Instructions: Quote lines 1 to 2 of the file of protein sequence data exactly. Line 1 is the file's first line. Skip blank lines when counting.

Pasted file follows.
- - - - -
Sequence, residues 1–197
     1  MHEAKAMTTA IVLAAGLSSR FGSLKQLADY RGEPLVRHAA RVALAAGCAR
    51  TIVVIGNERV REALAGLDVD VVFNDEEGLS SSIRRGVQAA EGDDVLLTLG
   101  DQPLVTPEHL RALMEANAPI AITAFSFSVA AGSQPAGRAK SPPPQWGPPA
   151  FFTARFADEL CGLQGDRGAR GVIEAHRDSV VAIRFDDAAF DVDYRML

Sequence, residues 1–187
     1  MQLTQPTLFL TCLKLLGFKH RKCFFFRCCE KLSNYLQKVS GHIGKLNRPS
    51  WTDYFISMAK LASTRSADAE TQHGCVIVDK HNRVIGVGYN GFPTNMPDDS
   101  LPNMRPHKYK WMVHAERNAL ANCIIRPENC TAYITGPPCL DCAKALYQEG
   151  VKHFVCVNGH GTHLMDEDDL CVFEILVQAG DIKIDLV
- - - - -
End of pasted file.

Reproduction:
Sequence, residues 1–197
     1  MHEAKAMTTA IVLAAGLSSR FGSLKQLADY RGEPLVRHAA RVALAAGCAR